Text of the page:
It took almost three weeks, but we did it: we are now moved from a hoity toity apartment complex to a little bungalow in the Heights area of Houston. Road construction or birds, trees, and a yard? I’ll take the latter. However, making it happen wasn’t so easy.
First we had to paint, then we had to move the furniture, then we had to pack and move all the other stuff. Apparently we have a lot of other stuff! When all is said and done, we spent 14 work days and 5 weekend days without down time, going straight from work -> apartment to grab dog and/or things to move -> house to paint, move, organize, clean, etc. -> apartment to pass out (or just pass out from sheer exhaustion in the house once we had enough stuff there). This doesn’t make eating easy, especially when all we had at the apartment was a microwave to cook for a long time. Gas doesn’t turn itself on, folks, and you have to physically be there for them to turn it on, apparently. Go figure.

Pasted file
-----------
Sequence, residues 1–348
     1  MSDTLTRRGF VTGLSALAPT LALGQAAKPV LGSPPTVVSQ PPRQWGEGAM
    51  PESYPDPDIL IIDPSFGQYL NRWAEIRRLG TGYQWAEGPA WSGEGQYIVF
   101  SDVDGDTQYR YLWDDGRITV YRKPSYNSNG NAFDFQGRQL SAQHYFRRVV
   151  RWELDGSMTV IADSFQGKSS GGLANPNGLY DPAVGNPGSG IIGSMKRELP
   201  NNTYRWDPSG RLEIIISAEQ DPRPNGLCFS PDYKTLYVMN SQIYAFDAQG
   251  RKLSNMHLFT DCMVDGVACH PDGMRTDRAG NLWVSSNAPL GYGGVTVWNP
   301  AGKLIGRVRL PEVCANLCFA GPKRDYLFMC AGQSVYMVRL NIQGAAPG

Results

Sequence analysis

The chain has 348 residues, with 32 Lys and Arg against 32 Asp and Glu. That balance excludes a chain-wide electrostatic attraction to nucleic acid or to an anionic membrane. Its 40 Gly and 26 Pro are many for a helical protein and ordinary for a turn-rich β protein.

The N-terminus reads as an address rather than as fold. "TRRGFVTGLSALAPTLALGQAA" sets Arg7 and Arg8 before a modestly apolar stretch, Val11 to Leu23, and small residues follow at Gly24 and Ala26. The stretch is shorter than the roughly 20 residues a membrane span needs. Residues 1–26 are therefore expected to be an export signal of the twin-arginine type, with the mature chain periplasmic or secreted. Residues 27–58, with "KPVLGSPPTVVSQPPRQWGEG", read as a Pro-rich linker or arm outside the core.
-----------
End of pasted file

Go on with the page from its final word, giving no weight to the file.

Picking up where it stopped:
If you know me, you know my main concern was figuring out how to make sure we ate good dinners. The requirements were as follows:
- Must be able to be prepared with a microwave only
- Must follow the Plate Method
- Must be at least a little bit delicious
Sounds like a tall order, but here are some tips to prepare you for eating during your in-town move:
1. Use up what’s in that freezer – I’ll never stop talking about how helpful it is to cook things in a big batch and stick them in the freezer for times when you don’t want to or can’t cook. Soups, stews, and things cooked with moist heat methods are your best friend. We had both pulled pork and salsa chicken in the freezer, and they worked wonderfully as additions to sandwiches and salads for lunches, as well as to add to dinners.